Coronary heart disease
What is coronary heart disease, what causes it and how is your heart affected?
What is coronary heart disease?
Because blood flow to the heart is blocked, this can lead to symptoms like chest pain (angina), heart attacks and strokes.
What causes coronary heart disease?
Animal products like meat and full fat dairy foods (e.g. butter) can be high in LDL-cholesterol. So you should only eat these foods in limited amounts.
The ‘good’ cholesterol (HDL-cholesterol) made by your body can help ‘mop up’ the LDL-cholesterol and prevent it building up in your arteries.
Some plant foods can also help lower your LDL-cholesterol including oats, whole wheat products, nuts (e.g. walnuts, almonds) and legumes (peas, beans, lentils, chickpeas).
What can happen if you have coronary heart disease?
Atherosclerosis can cause problems all over the body wherever it occurs in an artery including:
- Narrowed arteries. If your blood vessels become clogged and narrow, the blood flow to your heart reduces and your blood pressure increases. Sometimes this can lead to chest pain or angina.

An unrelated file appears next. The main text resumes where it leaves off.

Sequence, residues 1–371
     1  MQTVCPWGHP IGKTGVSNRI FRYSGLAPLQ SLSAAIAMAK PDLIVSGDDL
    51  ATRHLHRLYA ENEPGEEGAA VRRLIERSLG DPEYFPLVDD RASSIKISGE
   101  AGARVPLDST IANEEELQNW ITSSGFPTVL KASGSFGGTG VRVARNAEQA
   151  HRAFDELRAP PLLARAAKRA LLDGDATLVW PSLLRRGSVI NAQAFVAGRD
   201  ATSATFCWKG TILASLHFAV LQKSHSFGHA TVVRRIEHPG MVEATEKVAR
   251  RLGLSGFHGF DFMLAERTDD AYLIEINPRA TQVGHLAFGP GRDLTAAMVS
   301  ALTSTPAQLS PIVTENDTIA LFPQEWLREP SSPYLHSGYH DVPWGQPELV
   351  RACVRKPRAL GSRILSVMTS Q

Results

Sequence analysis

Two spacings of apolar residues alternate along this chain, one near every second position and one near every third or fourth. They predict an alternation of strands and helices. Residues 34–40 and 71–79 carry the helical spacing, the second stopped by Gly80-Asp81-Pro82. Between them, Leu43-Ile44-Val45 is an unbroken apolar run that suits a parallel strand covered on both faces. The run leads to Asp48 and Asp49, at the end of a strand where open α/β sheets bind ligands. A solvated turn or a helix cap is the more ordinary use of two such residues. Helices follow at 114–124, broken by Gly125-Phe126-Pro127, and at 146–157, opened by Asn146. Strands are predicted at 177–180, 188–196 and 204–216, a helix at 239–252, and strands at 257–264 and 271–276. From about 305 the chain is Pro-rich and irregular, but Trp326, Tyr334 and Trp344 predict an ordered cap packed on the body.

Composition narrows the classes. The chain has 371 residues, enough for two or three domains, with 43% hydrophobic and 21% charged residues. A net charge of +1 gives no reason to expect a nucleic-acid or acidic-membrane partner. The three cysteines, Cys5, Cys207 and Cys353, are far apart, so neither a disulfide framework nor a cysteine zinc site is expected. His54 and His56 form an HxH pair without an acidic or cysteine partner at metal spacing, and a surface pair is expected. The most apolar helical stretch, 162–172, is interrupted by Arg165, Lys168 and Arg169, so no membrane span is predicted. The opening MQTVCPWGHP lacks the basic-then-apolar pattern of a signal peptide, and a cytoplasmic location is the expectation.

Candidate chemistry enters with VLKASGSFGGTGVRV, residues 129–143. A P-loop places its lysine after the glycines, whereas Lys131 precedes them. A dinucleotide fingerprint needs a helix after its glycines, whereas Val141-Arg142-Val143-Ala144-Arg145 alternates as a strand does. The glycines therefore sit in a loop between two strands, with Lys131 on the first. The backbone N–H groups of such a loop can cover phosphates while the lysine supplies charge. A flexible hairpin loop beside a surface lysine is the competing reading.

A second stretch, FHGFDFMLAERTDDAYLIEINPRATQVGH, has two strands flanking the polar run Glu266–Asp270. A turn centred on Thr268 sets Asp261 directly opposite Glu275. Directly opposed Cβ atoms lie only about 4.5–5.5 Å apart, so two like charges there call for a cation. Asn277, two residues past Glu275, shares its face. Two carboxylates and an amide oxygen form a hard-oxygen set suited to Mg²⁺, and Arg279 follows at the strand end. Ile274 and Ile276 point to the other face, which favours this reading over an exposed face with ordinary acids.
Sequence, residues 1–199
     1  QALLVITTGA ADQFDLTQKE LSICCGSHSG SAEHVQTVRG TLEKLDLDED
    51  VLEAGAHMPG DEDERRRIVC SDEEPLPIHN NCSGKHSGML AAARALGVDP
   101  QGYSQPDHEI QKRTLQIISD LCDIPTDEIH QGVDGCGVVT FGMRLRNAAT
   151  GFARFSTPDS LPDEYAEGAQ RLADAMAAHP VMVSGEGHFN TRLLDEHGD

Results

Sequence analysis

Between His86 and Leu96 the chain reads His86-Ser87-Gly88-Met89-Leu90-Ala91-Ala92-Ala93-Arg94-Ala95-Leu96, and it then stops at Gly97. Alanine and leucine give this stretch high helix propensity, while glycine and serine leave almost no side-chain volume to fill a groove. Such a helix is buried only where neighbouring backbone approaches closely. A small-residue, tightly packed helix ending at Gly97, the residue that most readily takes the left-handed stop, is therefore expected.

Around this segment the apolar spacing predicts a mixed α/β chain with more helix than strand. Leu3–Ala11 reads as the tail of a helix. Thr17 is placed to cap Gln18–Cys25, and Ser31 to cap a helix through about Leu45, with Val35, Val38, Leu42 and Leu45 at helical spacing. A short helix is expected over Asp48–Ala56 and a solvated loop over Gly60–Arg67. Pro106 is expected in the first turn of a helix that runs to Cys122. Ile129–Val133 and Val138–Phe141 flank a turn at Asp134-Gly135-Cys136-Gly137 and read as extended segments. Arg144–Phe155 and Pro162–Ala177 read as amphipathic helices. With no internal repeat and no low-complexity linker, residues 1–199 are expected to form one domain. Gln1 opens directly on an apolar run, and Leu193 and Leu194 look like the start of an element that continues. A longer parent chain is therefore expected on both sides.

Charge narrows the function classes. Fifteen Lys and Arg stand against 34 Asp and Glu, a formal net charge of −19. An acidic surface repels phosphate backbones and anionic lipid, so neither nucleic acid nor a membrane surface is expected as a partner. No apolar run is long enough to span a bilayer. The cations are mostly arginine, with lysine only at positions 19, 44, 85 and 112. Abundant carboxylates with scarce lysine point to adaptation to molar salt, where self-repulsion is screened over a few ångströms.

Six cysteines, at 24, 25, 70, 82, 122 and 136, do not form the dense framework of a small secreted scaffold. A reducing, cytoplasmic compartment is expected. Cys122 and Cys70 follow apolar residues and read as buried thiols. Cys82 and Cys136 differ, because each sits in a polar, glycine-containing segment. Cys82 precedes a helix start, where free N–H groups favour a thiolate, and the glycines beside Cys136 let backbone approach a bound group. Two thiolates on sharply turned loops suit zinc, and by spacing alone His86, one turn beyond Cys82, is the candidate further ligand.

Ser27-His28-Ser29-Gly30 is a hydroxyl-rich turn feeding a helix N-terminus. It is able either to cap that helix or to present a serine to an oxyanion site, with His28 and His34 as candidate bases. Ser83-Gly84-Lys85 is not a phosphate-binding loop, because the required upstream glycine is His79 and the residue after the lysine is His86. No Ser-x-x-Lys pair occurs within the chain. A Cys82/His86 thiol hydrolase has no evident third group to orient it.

- Heart attack. This happens if an artery gets completely blocked and blood stops flowing to your heart, causing damage to the heart muscle.
- Aneurysm. This is an abnormal bulge or ballooning in the wall of an artery that fills with blood. This can cause the artery to burst. It can happen when the artery wall is damaged due to atherosclerosis and becomes weak.
- Cerebrovascular disease. This happens when atherosclerosis affects the blood vessels that feed your brain. If an artery in the brain gets blocked or ruptures, it can cause a stroke.
- Peripheral artery disease. When the arteries in your arms and legs become clogged, you can experience pain – usually in the calves – when walking or climbing stairs and reduced mobility.